Ranveer Singh matches her step for step, using his lower lip to marvelous effect. He curls it when angry, juts it out when thoughtful and lets it hang loose (and, finally, frostbitten) when he has nothing to say. And again, he plays it close to the chest, never straying from the pitch of the film:when he stammers on the word "landscape", he lightly labours the L instead of actually repeating it. He looks good as a quiet pinup, a vintage hero in high-waisted trousers, but it is when he bedraggedly lets his seams show that Singh is at his best. He even snarls like Heathcliff.
And despite all this proficiency with dialogue -- which extends to the other great performers in the film, the veteran Barun Chanda (who uses words like "umartaraaz" with near-Utpal Dutt gravitas) and the very likable Vikrant Massey, who throws in a Devsaab impression -- the very best moments in Lootera are the entirely wordless ones.
This is largely due to the remarkable craft shown by cinematographer Mahendra J Shetty, who has composed a film where every frame melts into the other with a most lyrical ebb and flow.
Lootera is a gorgeous, gorgeous film, one that uses its period setting affectionately, with loving detail, and not exploitatively, as our cinema is wont to do. Shetty pores over it all -- from the lace curtains to the mosquito nets, from the checkerboard floors of the old mansion to the frozen-over remnants of a roadside shrine to a dashboard light surrounded by open-air darkness -- but the way he frames his actors' faces may be the greatest masterclass on offer.
Both Sinha and Singh have distinctive noses, and rather than divert attention away from them the film embraces the contrast, highlighting it by a profile shot of the two in the same frame.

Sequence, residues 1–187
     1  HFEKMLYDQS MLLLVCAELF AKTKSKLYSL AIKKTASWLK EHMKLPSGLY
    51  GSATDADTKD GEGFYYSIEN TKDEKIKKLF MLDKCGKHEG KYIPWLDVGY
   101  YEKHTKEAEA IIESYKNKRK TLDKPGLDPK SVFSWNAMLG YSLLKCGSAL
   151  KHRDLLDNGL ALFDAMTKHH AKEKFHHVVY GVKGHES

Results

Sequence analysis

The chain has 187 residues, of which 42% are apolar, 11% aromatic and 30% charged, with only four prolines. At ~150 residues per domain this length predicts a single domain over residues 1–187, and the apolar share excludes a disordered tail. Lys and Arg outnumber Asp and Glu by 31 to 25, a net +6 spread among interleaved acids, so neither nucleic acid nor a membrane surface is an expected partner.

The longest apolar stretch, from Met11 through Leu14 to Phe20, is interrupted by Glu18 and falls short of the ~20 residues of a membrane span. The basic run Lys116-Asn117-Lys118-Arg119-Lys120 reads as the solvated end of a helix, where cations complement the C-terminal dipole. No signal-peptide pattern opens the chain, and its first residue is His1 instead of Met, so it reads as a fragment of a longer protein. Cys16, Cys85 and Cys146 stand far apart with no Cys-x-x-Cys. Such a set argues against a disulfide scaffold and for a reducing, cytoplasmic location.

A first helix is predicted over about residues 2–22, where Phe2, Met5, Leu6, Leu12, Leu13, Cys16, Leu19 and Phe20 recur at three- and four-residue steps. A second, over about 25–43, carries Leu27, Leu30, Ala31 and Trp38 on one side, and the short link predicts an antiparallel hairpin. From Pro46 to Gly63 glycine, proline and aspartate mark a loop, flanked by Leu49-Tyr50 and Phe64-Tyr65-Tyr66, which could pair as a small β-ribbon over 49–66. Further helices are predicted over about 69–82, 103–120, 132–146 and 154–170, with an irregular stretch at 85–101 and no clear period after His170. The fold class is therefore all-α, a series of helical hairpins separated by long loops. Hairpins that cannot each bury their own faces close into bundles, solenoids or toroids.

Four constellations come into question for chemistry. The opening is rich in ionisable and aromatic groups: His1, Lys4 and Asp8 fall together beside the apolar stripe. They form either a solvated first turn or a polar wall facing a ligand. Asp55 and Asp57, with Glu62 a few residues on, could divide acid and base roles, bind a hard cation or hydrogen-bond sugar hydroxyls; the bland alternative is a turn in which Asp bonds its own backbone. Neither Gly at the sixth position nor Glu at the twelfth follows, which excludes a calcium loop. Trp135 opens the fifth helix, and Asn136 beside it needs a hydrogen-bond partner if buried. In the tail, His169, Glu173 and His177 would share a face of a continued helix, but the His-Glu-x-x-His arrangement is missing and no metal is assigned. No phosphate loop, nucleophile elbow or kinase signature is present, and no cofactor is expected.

Before we encounter Sonakshi's nose we see that of a Durga effigy, and the uniqueness of the actress' nose is thrown automatically into sharp relief.
Later, when Sinha's angry, the lens is positioned to make her nose look like a menhir; it's always intentional, and it's always captivating. Singh's is a more angular nose, one that looks pointy as sweat drips off it during a dimly lit-scene, and the first time the two kiss, it is preceded by an eskimo-style rubbing of the noses. Many cinematographers can conjure up moody shadows and beautiful frames, but what is on show here -- as Sinha looks through a big magnifying glass to make her eyes appear huge, as the Bengali-girl stereotype dictates -- is so much more special, and Shetty is clearly a wizard.
All this while Motwane plays The Thieving Magpie. And I don't just mean the Rossellini overture that automatically reminds me of The Castafiore Emerald.
Lootera deftly pays tribute to Guru Dutt's first film by way of song and name of the villain, and borrows a disease from Ritwik Ghatak's heartwrenching Meghe Dhaka Tara. All this while genius composer Amit Trivedi uncharacteristically steals his main theme from a bad English film, as if some pickpocketry was the price of entry. In light of what the titular protagonist does, perhaps this adaptation could be titled The Last Thief.
Either way, this is a film worth the grandest of larceny. Motwane's direction is so assured and confident that this scarcely feels like his second feature. The script is clearly one he believes in, and the film is resultantly free of false-notes. Even the few moments that feel like narrative missteps turn out to be masterstrokes. And, as exemplified by a breathtaking chase sequence that could result in any number of outcomes, Motwane sides with his story, not with any one of his characters.
A film, then, about life, love and leaves. And in the end it comes down to the sort of snow-surrounded tree that you can draw even if you've always had trouble drawing leaves. Magnificent.